The New Episode Of The Book Of Boba Fett Was Shot By One Of The Greatest Cinematographers Of All Time

"The Tribes of Tatooine," this week's episode of "The Book of Boba Fett," brought much to the table. We got more of Boba's backstory, a whole lot more of the Tatooine underworld, and a whole lot of good-looking, cinematic goods. It turns out, this is in large part due to the fact that one of the best cinematographers ever shot the episode. That man is none other than the legendary Dean Cundey.

If the name is not instantly familiar to you, Cundey's resume most certainly will be. As a cinematographer, he has amassed more than 100 credits during a career that spans decades, serving as the director of photography on some of the most iconic movies of all time. But what makes this little trip to the "Star Wars" universe so special is that Cundey is pretty damn selective about what he decides to work on these days. The man is in his 70s and has earned a break if he wants it, but the fact that he got back in the saddle for this is pretty awesome. Plus, it appears that he shot the show's fourth episode as well, so we have that to look forward to in a couple of weeks.

Dean Cundey's Impressive Career

Cundey's impressive career dates all the way back to the early 1970s, but wasted little time before creating an all-timer, as he served as the director of photography on John Carpenter's horror classic "Halloween" in 1978. That was the first in a series of many, many classics he shot, including several other Carpenter pictures, such as "The Fog," "Escape From New York," "Big Trouble in Little China," and "The Thing."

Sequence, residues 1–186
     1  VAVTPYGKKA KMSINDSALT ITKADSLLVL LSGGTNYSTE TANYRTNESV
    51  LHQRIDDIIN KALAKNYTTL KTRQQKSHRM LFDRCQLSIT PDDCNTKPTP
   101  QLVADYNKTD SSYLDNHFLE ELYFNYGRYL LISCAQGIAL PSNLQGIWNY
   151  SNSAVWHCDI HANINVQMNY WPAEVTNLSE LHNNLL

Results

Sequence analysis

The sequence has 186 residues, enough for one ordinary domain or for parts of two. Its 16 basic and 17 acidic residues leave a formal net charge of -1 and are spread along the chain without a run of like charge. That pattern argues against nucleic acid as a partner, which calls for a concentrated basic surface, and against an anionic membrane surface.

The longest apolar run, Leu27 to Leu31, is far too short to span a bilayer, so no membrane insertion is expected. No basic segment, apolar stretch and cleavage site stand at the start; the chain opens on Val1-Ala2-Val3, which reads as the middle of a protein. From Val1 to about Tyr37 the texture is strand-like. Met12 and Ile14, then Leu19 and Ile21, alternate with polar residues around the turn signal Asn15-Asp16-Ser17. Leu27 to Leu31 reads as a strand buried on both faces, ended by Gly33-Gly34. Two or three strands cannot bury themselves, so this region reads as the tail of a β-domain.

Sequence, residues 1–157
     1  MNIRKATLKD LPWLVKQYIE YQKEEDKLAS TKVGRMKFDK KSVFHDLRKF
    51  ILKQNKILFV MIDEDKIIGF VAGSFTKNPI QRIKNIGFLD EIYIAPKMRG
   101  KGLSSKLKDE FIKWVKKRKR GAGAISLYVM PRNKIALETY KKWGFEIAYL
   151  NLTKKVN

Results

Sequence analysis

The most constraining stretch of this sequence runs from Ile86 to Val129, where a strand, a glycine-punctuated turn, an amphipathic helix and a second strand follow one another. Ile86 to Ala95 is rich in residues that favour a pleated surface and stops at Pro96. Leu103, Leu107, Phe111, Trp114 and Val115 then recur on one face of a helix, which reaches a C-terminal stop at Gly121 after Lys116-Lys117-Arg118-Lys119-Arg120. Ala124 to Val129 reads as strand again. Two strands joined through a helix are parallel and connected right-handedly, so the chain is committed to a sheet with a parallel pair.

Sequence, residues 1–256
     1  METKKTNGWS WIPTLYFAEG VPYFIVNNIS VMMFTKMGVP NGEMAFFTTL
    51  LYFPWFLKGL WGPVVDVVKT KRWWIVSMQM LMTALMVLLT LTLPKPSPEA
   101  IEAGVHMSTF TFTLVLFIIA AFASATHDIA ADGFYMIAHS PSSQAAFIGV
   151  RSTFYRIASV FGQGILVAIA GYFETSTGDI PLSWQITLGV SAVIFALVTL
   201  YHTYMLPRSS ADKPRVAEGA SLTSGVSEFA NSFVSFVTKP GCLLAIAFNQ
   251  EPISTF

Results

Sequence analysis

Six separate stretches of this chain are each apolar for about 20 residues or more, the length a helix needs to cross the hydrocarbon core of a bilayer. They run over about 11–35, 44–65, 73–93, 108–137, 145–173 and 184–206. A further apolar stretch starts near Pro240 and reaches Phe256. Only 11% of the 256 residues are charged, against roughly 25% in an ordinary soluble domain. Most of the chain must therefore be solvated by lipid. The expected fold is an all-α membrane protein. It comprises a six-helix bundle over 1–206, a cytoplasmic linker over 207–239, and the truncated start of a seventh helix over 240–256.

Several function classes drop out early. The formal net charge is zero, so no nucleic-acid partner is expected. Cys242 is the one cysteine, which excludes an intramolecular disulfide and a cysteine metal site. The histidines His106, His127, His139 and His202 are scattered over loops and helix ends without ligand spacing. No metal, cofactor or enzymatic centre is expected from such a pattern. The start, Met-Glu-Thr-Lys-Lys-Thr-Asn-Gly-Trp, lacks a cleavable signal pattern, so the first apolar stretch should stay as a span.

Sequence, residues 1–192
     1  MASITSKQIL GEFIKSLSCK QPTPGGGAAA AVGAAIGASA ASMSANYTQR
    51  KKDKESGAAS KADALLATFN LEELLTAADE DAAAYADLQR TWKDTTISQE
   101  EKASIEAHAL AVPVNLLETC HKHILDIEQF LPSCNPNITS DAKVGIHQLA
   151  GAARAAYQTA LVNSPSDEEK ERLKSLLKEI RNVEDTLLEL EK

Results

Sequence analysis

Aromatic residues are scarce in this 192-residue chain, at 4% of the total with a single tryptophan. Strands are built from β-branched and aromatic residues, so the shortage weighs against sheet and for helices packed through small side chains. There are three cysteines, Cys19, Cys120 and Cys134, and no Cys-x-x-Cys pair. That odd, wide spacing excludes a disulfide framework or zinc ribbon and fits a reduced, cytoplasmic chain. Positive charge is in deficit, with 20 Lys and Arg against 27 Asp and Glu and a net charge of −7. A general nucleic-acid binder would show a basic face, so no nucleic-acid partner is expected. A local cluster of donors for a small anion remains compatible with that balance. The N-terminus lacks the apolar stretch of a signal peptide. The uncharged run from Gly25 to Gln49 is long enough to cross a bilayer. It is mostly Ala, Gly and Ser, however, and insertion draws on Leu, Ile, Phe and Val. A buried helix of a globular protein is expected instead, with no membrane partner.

The man's contributions to cinema read like a history of blockbuster cinema, ranging from "Who Framed Roger Rabbit" to the "Back to the Future" trilogy and Steven Spielberg's "Jurassic Park." "Romancing the Stone," "Apollo 13," "Road House," and, oddly enough, the "Garfield" movie are some of his other noteworthy credits.

"I've always embraced new technology," Cundey said in an interview last year, and you'd expect that mentality from someone who helped pioneer the use of CGI in mainstream movies with "Jurassic Park." But his interest in pushing the envelope went beyond that film: In 1996, he appeared in Spielberg's "Director's Chair" video game, a simulation game (pretty ahead of its time) that guided the player through the process of filmmaking. And it looks like that interest has persisted over the course of his career, because he decided to come back to "The Book of Boba Fett," which employs the same groundbreaking StageCraft technology utilized by "The Mandalorian." It's nice to have you back, good sir.

"The Book of Boba Fett" returns with a new episode next Wednesday on Disney+.